Do practice in advance

Curious about sipping prune juice the night before? Planning to add extra beans and spinach to your dinner plate to wake up and “go”? Take any poop-related tricks for a trial run (literally) weeks in advance, Dr. Raj suggests. You don’t want any surprises about how your body reacts to these changes on race day.

The bottom line: “Give yourself some peaceful time in the morning, and start any new poop-related habits far in advance so that your body has time to adjust and get in sync,” she says.

Some Reason to Work Up a Sweat

Exercise does more than just tone muscle and burn calories in the moment: New research shows that a hormone released during exercise actually helps the body shed fat and keep it off.

The hormone, called irisin, has been shown to play a role in transforming energy-storing white fat cells into energy-burning brown fat cells—a process scientists call “browning.” Now, University of Florida scientists say that irisinhelps inhibit the formation of new fatty tissue, as well.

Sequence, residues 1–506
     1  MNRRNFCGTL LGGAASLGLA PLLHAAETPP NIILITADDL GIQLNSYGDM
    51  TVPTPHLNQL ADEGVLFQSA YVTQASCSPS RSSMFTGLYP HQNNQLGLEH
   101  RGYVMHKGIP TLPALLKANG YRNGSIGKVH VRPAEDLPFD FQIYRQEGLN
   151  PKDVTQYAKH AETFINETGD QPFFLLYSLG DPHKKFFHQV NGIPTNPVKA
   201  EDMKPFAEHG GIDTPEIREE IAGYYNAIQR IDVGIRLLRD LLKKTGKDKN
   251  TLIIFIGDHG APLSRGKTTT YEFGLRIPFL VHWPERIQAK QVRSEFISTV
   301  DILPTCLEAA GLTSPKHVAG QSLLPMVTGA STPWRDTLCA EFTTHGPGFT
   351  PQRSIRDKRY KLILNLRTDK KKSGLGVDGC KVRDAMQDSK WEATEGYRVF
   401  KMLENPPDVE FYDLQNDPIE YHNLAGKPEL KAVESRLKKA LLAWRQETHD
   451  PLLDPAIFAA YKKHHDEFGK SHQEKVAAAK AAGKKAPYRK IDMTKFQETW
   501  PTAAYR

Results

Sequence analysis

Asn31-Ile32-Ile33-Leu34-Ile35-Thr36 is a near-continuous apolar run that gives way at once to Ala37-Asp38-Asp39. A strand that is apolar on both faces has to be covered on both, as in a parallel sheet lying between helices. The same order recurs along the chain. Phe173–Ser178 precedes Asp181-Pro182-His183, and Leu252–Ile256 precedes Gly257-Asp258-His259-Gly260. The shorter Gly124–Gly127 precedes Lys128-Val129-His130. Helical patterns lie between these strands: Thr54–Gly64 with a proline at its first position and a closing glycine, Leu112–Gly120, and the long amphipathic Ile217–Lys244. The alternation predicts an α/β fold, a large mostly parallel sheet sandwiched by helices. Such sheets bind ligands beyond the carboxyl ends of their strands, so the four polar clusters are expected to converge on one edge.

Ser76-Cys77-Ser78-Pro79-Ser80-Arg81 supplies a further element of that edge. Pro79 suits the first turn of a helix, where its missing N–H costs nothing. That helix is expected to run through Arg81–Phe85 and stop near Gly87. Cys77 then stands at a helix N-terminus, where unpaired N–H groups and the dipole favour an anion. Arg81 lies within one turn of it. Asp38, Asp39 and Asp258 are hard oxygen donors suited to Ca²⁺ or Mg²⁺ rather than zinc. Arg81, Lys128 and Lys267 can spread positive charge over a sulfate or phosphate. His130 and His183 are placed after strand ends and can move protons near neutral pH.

These findings highlight a new and additional benefit of physical activity, said co-author Li-Jun Yang, MD, a professor of hematopathology in the University of Florida College of Medicine, in a press release, because irisin levels are believed to surge when the heart and other muscles are exerted. (In addition to exercise, studies show that shivering can trigger irisin production, as well.)

To examine the effect of irisin on human fat tissue, the researchers collected fat cells donated by 28 women who’d had breast reduction surgery. In their lab, they exposed some of the samples to the hormone and watched for changes in cell activation and gene expression.

As predicted, they found a nearly fivefold increase in activity among cells that contained a fat-burning protein known as UCP1. “We used human fat tissue cultures to prove that irisin has a positive effect by turning white fat into brown fat and that it increases the body’s fat-burning ability,” Dr. Yang said.